He turned and looked at my mother who was asleep, leaning against the wall. He told the maid not to wake up my mother as she looked very tired. He also told her that he will take leave of my father in a short while and asked her to inform my mother about his visit when she woke up in the morning. Then he left in a short while, she said, finishing her story.
As you can imagine my mother could not believe what she was hearing. The thoughts of the previous night came flooding back. All that my mother could remember was the orange cuff adorned slender hand. Immediately, my mother drowned the maid in a deluge of questions “What was he like, what did he wear when did he come?”
The maid became a little irritated. She walked past my father’s bed to the night stand. Picking up a photograph from the night stand she showed my mom and said in tone laced with exasperation and finality, “this is the man that came last night.” It was a picture of Swami that most of us would have seen around the ashram at Puttaparthi. It is a picture of Swami lovingly and tenderly stroking a calf.
Is it not wonderful how Swami takes care of each and everyone of us and tends to us the same way as He tends the innocent calf? Swami’s influence in my life has been significant ever since He took me under His wing. He has nurtured me with love and great care.
My father survived that fateful yet memorable night with Swami as his Sarathi or charioteer. Following rehabilitation my father resumed and continued to go to work for five years and got his two daughters married. It has been sixteen years since that wonderful revival and because of Swami’s Boundless Grace alone, my father till date continues to enjoy a good life amidst his children and grand children.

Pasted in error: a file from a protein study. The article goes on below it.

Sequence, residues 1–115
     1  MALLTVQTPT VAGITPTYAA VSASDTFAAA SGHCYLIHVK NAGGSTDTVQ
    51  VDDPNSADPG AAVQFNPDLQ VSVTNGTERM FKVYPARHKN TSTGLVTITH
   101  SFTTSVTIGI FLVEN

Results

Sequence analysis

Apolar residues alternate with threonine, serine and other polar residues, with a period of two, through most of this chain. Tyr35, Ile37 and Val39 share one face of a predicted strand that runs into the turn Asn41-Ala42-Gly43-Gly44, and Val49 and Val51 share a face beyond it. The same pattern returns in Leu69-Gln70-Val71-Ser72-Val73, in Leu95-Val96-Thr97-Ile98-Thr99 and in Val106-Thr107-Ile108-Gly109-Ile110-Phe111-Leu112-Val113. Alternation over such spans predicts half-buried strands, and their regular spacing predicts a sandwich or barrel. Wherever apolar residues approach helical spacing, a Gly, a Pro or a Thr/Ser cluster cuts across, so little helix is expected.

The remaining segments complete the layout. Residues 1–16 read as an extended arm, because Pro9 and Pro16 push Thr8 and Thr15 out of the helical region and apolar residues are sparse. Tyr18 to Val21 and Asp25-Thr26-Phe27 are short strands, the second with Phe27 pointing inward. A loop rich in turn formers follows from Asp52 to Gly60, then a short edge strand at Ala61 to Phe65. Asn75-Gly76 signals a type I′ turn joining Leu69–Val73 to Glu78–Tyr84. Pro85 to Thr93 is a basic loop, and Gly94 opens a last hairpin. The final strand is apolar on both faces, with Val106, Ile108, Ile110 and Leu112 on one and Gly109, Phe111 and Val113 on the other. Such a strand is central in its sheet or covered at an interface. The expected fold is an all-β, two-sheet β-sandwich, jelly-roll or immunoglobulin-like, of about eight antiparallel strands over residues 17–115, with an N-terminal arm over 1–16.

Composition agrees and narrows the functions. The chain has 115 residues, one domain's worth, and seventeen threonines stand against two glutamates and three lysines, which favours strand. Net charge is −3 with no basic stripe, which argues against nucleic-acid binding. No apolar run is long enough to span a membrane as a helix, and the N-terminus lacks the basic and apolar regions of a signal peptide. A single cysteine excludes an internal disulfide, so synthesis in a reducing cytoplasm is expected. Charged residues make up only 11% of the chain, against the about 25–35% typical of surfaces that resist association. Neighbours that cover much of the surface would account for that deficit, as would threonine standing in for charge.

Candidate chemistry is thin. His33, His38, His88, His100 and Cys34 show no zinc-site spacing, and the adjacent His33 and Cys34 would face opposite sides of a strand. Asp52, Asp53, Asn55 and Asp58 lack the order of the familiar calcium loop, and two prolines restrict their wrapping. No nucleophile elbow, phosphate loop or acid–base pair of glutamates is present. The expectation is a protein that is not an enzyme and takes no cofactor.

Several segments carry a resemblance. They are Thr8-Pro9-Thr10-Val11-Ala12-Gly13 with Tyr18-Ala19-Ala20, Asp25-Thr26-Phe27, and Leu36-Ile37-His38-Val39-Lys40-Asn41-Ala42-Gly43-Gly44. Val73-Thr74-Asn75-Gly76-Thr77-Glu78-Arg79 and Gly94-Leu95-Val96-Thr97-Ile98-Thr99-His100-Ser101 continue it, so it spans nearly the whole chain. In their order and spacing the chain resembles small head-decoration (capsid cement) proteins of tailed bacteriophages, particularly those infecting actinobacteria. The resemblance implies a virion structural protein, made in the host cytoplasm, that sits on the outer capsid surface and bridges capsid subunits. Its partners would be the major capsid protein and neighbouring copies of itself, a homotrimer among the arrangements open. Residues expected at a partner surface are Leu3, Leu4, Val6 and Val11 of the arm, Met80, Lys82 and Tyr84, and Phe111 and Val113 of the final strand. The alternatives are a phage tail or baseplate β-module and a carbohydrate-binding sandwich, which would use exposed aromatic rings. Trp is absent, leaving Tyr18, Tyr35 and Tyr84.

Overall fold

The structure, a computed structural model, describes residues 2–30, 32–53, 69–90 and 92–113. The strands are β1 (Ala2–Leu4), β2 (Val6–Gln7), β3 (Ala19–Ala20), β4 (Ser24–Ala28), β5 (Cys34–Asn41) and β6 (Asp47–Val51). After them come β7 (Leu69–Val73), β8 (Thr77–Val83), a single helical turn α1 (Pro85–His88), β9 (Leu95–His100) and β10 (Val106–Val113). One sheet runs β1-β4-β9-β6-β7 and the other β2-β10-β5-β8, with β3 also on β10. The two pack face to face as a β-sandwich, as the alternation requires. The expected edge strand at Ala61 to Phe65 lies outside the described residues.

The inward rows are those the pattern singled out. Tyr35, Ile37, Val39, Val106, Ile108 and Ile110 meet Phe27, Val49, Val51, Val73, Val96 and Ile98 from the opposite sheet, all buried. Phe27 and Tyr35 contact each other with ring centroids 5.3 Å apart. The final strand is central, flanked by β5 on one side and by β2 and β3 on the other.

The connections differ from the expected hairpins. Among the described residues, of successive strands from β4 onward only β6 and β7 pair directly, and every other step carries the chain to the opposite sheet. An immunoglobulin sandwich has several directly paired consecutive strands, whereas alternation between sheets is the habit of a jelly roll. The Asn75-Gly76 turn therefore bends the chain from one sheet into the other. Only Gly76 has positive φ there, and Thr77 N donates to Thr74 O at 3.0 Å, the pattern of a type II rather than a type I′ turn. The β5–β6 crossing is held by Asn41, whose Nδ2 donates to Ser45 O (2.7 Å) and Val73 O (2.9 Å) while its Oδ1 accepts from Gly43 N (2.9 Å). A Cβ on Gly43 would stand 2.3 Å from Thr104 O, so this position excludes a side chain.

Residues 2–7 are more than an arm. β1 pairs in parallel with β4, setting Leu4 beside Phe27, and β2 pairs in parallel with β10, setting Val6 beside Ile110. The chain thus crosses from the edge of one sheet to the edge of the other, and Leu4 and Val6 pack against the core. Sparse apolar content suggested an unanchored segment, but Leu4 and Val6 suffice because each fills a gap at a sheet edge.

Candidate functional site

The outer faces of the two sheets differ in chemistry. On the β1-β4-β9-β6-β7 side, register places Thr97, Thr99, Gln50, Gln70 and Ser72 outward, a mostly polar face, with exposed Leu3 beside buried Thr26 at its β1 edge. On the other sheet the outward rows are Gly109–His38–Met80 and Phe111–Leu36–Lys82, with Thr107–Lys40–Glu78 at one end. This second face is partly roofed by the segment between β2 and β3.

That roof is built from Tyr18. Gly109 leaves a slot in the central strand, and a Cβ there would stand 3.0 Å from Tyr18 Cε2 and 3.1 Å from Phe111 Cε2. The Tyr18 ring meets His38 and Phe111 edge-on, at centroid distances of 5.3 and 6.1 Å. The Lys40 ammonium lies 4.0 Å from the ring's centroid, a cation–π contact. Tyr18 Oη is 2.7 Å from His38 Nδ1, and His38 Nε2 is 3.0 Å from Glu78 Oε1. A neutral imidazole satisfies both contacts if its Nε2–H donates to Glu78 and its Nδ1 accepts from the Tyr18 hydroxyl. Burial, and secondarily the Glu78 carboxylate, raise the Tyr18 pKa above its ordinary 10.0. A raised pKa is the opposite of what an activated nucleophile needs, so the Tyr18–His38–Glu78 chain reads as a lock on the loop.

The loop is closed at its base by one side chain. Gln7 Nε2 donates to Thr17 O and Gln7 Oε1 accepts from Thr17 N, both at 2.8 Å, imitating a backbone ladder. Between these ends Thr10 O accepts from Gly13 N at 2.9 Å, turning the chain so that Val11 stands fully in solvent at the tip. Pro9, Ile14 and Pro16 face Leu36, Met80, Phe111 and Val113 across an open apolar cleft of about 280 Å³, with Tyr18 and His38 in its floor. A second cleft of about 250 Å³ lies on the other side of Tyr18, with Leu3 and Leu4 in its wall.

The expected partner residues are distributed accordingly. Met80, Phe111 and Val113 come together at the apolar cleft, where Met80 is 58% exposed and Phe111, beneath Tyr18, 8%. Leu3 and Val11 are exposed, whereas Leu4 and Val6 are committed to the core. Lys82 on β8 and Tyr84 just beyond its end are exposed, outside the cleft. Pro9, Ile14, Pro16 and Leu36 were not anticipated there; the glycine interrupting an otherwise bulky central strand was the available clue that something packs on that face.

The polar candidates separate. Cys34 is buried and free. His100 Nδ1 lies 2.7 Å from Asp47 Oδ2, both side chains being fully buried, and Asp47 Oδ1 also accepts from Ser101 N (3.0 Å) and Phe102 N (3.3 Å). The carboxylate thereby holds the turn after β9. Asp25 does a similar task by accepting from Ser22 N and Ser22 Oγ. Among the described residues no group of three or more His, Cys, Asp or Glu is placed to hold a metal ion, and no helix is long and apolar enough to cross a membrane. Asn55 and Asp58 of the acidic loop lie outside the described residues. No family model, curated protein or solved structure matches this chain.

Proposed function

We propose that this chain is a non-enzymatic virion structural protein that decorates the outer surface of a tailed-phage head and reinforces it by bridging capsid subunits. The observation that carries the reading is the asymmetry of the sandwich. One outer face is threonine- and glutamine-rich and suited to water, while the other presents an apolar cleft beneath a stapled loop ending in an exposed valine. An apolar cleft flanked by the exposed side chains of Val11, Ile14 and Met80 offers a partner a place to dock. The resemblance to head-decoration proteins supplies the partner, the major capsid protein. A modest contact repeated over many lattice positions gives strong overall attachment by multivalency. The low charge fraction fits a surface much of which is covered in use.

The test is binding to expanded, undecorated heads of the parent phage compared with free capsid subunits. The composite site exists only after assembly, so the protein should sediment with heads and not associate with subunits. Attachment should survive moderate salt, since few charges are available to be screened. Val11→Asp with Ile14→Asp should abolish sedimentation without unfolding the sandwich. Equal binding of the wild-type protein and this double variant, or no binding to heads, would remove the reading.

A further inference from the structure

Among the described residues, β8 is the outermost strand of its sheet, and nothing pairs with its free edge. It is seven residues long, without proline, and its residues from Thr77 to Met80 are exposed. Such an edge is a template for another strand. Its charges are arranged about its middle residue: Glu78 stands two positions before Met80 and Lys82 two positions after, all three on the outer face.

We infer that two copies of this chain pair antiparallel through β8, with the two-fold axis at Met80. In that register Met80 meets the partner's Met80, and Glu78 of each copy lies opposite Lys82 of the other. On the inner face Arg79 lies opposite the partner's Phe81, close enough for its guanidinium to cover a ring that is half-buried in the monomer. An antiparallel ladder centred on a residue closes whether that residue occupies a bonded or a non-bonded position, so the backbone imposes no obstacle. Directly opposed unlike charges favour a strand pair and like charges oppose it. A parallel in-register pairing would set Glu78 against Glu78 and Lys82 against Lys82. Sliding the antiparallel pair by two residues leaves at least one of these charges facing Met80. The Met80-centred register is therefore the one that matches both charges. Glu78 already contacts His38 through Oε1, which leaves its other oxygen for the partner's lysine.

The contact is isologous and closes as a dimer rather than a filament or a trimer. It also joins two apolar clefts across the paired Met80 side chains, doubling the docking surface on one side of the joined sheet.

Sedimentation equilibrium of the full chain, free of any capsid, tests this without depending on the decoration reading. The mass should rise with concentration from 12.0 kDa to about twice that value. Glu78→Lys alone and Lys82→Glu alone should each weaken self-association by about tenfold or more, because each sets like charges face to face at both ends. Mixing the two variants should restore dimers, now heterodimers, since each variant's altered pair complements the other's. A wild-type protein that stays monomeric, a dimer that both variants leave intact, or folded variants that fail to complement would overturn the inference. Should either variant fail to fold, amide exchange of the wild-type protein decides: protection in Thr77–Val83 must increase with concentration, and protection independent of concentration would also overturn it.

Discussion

SOS – Sai Our Saviour
There are million different ways how Swami calls His devotees to Himself. He painstakingly handcrafts these ‘calling cards’ for each individual. They remind us about the Unlimited Love that He has for each and every one of us. The greatest gift that these calling cards bring is our knowing the Avatar in this life-time.
He waits patiently for us to finish off with our preoccupations. He fulfils our material mundane needs so that one day we will ask Him for the things that He has come down to bestow upon us. I am learning slowly but surely, not to fight His Will. Everything that we are blessed with in this sojourn on earth is for our own good and for our growth. However great or small a work might be, it’s His work that I am always doing, and not mine. These experiences dictate my current attitude towards the challenges of the world. Why fear when my Lord is here? I never was, never am and will never be away from the Avatar’s eyes.
In conclusion, a small poem from Prof. N. Kasturi’s “Loving God” conveys it all.
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Vol 6 Issue 05 - MAY 2008